N.B. Please ensure that your responses to the questions above cover each category of subject matter specified in Article 27.3(b), namely micro-organisms, essentially biological processes for the production of plants or animals, microbiological processes, non-biological processes, plant varieties and other inventions concerning plants or animals.
Following Article 4(2) of Directive 98/44/EC of the European Parliament and of the Council of 6 July 1998 on the legal protection of biotechnological inventions "Inventions which concern plants or animals shall be patentable if the technical feasibility of the invention is not confined to a particular plant or animal variety".
See the answer to question 1 above.
[Answer A.1: Following Article 4(2) of Directive 98/44/EC of the European Parliament and of the Council of 6 July 1998 on the legal protection of biotechnological inventions "Inventions which concern plants or animals shall be patentable if the technical feasibility of the invention is not confined to a particular plant or animal variety".]
Article 4 (1) of Directive 98/44/EC indicates that plant and animal varieties are not patentable.
Following Article 6(1) and (2)(d) of Directive 98/44/EC "Inventions shall be considered unpatentable where their commercial exploitation would be contrary to ordre public or morality…" and, in particular, "processes for modifying the genetic identity of animals which are likely to cause them suffering without any substantial medical benefit to man or animal, and also animals resulting from such processes" shall be considered unpatentable. Recital 45 of Directive 98/44/EC specifies the "substantial medical benefit in terms of research, prevention, diagnosis or therapy".
Following Article 2(3) of Directive 98/44/EC "The concept of "plant variety" is defined by Article 5 of Regulation (EC) N° 2100/94". Article 5 of Regulation (EC) No.2100/94 reads: "1. Varieties of all botanical genera and species, including, inter alia, hybrids between genera or species, may form the object of Community plant variety rights. "2. For the purpose of this Regulation, "variety" shall be taken to mean a plant grouping within a single botanical taxon of the lowest known rank, which grouping, irrespective of whether the conditions for the grant of a plant variety right are fully met, can be: - defined by the expression of the characteristics that result from a given genotype or combination of genotypes, - distinguished from any other plant grouping by the expression of at least one of the said characteristic, and - considered as a unit with regard to its suitability for being propagated unchanged. "3. A plant grouping consists of entire plants or parts of plants as far as such parts are capable of producing entire plants, both referred to hereinafter as "variety constituents. "4. The expression of the characteristics referred to in paragraph 2, first indent, may be either invariable or variable between variety constituents of the same kind provided that also the level of variation results from the genotype or combination of genotypes." Recital 30 of Directive 98/44/EC reads: "the concept "plant variety" is defined by the legislation protecting new varieties, pursuant to which a variety is defined by its whole genome and therefore possesses individuality and is clearly distinguishable from other varieties". Recital 31 of the Directive 98/44/EC reads: "Whereas a plant grouping which is characterized by a particular gene (and not its whole genome) is not covered by the protection of new varieties and is therefore not excluded from patentability even if it comprises new varieties of plants."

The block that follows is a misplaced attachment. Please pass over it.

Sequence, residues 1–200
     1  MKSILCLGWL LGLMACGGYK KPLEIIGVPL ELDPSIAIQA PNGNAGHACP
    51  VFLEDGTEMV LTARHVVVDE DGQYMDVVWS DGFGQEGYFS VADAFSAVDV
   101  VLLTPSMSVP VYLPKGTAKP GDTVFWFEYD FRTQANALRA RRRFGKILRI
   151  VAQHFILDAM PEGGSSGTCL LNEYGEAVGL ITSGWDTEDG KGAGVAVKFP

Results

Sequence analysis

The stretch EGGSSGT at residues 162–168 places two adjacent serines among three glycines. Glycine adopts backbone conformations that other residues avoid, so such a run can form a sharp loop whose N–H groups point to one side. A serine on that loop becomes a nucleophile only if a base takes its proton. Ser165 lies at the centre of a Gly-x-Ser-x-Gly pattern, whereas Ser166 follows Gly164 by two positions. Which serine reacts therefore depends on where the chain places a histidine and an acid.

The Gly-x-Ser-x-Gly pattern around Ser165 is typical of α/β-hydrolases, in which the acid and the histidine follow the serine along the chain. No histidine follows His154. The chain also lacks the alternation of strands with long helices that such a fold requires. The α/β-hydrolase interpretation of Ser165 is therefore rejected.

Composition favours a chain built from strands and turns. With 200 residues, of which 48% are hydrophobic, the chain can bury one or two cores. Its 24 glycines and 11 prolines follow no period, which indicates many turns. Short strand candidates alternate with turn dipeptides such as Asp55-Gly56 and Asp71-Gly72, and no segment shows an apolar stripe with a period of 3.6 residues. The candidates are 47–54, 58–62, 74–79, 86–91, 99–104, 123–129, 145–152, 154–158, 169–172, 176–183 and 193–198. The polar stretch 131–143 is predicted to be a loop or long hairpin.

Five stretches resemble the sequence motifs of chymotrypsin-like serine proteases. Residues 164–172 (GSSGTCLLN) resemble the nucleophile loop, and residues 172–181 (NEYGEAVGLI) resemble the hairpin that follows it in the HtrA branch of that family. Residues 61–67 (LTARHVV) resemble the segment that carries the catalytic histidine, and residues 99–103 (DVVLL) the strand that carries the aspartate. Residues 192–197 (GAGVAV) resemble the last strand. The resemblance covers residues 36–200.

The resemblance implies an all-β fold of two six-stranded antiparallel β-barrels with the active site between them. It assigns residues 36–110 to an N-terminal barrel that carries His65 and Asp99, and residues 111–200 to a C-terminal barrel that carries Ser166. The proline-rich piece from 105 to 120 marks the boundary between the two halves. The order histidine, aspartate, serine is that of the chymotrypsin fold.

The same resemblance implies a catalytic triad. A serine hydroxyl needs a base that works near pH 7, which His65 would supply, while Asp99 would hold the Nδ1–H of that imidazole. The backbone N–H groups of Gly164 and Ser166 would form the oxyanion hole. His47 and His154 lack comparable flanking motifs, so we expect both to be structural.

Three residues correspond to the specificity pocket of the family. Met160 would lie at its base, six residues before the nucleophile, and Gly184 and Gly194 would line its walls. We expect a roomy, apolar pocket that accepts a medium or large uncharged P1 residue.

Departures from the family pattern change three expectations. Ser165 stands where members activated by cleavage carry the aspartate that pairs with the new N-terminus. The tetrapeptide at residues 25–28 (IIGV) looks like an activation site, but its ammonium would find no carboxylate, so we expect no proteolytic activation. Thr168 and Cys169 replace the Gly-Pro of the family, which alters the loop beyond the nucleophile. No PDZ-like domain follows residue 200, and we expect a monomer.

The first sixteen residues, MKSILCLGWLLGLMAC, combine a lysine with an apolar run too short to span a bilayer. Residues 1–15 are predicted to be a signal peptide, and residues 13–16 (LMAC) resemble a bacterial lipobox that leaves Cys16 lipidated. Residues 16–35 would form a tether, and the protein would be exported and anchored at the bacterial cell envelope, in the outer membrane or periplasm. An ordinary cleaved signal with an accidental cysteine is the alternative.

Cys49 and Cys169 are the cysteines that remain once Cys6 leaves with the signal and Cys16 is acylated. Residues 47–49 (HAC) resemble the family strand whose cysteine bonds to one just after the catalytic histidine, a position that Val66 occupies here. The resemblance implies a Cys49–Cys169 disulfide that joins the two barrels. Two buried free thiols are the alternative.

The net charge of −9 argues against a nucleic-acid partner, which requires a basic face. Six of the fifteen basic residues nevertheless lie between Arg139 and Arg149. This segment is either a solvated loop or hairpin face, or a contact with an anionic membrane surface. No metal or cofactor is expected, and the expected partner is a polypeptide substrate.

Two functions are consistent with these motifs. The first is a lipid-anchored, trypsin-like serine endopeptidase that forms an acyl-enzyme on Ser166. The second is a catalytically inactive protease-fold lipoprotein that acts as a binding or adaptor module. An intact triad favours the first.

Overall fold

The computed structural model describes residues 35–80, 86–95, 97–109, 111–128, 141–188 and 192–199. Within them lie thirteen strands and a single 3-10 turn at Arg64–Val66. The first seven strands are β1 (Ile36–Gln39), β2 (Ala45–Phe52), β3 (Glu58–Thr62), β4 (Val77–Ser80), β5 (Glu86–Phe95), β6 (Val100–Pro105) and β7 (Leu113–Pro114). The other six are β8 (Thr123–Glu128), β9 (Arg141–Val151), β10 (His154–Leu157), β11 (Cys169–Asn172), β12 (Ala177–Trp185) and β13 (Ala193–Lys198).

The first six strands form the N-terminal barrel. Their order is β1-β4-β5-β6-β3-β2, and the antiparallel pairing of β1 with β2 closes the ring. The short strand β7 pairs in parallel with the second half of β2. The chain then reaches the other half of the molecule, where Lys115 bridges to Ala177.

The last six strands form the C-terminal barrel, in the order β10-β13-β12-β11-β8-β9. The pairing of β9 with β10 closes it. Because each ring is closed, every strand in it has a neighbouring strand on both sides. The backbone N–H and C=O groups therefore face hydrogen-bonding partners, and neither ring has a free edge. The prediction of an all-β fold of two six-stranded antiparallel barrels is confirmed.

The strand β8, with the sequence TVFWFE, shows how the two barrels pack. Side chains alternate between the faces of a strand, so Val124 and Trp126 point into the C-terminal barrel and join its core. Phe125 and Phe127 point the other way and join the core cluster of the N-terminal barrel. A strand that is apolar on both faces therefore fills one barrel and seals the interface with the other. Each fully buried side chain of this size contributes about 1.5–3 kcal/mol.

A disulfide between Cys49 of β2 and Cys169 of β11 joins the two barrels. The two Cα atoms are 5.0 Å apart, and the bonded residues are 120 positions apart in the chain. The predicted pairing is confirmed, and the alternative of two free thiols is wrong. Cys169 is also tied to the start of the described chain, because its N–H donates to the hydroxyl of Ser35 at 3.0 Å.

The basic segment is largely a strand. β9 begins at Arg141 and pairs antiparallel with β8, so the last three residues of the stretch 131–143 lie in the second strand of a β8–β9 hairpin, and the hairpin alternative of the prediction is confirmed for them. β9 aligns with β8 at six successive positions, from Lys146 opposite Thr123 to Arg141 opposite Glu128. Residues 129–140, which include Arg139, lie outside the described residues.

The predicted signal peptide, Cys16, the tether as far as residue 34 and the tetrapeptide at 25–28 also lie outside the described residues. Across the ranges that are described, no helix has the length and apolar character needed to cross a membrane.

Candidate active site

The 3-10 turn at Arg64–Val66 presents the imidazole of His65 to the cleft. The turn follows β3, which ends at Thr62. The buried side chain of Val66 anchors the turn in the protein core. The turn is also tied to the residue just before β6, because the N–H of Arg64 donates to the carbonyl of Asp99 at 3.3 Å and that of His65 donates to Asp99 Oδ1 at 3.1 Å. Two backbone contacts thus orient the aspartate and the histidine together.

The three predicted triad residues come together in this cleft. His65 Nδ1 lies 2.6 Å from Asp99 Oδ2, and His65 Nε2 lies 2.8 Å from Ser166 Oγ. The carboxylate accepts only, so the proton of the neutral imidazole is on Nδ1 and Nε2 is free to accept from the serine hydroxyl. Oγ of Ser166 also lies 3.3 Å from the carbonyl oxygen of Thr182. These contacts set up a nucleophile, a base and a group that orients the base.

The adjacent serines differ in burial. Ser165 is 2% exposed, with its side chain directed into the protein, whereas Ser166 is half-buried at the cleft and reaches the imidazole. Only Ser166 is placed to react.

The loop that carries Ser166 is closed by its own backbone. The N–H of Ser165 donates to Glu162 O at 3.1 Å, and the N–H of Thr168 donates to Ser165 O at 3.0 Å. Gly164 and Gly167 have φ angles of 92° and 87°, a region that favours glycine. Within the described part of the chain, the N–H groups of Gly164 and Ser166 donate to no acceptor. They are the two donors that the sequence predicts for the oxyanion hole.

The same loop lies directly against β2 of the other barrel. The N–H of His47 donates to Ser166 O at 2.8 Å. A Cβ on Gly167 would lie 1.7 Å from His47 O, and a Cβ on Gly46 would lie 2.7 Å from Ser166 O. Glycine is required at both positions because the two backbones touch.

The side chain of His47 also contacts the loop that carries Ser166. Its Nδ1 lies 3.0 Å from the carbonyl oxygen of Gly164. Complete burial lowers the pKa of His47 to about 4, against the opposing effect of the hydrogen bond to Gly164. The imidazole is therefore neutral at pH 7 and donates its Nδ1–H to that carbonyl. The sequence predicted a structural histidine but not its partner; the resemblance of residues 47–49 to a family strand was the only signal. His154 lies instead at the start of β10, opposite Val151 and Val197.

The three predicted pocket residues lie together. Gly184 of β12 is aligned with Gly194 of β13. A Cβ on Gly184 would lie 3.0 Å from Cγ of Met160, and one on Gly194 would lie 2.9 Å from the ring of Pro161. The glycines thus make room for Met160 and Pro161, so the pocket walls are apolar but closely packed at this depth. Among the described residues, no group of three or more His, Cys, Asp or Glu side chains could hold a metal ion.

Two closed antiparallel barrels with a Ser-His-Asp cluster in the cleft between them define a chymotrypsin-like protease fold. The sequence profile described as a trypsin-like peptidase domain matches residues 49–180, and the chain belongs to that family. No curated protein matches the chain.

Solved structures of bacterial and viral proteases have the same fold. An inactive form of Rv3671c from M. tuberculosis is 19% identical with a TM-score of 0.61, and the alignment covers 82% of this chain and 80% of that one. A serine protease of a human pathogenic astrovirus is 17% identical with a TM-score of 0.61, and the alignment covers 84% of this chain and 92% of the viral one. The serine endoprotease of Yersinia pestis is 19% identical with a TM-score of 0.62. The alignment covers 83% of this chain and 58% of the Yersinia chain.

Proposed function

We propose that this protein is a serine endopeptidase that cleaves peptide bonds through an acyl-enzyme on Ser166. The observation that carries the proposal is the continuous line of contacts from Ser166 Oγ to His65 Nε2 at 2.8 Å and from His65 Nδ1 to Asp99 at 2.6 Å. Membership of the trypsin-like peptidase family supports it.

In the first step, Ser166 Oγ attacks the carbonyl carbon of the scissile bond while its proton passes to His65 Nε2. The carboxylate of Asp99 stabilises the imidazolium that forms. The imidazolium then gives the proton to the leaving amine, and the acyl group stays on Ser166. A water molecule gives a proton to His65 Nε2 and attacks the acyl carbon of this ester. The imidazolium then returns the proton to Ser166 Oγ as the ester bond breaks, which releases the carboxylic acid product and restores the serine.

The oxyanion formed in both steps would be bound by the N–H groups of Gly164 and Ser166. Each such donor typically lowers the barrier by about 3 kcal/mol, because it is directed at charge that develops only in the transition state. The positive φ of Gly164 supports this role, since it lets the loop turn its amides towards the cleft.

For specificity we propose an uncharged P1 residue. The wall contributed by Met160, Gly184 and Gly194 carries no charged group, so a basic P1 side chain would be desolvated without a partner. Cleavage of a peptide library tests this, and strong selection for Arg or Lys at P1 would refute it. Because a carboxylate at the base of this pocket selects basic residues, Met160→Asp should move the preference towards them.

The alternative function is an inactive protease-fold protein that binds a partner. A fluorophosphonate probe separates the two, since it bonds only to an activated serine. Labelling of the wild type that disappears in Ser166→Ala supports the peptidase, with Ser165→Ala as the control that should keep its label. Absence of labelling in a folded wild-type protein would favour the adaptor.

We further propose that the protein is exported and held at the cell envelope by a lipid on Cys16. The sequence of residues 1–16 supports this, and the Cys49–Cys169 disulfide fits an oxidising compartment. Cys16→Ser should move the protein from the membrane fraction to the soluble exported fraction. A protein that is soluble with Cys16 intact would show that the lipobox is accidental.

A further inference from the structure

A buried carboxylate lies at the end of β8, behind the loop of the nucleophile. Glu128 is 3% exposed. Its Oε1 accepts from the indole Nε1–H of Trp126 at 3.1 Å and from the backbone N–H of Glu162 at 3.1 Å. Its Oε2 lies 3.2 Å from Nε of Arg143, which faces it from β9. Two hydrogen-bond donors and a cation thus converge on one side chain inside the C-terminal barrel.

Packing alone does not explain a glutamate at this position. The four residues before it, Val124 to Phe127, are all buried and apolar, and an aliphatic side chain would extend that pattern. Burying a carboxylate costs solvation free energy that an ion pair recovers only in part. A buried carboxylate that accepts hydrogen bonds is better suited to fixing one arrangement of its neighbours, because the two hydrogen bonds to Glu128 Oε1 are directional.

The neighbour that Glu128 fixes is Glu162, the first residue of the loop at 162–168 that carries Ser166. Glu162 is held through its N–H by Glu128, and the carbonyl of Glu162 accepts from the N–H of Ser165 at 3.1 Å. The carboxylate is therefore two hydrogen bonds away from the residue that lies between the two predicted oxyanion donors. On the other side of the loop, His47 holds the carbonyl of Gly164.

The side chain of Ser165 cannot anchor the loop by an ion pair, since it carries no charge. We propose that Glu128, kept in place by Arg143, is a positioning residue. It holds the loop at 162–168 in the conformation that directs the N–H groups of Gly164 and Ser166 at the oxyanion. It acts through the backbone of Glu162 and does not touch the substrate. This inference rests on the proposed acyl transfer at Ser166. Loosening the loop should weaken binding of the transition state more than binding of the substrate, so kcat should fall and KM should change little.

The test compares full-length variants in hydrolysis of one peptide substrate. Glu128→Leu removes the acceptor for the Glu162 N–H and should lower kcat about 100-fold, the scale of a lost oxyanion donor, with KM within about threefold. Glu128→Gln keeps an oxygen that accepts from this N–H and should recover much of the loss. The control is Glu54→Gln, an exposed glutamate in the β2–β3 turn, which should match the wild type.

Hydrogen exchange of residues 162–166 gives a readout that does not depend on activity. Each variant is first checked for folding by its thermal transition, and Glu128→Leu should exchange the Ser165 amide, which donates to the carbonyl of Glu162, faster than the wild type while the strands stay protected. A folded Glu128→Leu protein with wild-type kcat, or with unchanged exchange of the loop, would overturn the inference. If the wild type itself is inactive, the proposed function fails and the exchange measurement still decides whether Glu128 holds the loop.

No. Article 4(1)(b) of Directive 98/44/EC reads: "essentially biological processes for the production of plants or animals" are not patentable. Article 2(2) of Directive 98/44/EC reads: "A process for the production of plants or animals is essentially biological if it consists entirely of natural phenomena such as crossing or selection."
Yes. Article 3(2) of Directive 98/44/EC reads. "Biological material which is isolated from its natural environment or produced by means of a technical process may be the subject of an invention even if it previously occurred in nature." Following Article 2(1) of Directive 98/44/EC, "biological material" means any material containing genetic information and capable of reproducing itself or being reproduced in a biological system."
Yes. Council Regulation 2100/94/EC on Community Plant Variety Rights provides for a sui generis form of protection for new plant varieties. In addition, and according to the Preamble to Regulation 2100/94/EC, Member States may provide for national legislation that protects plant varieties.
1991 Act (confirmed by UPOV Council).
Yes (if essentially derived from the protected initial variety or from a variety that is itself predominantly derived from that initial variety).
No (for certain agricultural crops).
Yes (in the case of (c) above for farmers other than "small farmers").
Yes (in the case of availability within the Community: 1 year; in the case of availability outside the Community: 4 years or – for trees or vines - 6 years).
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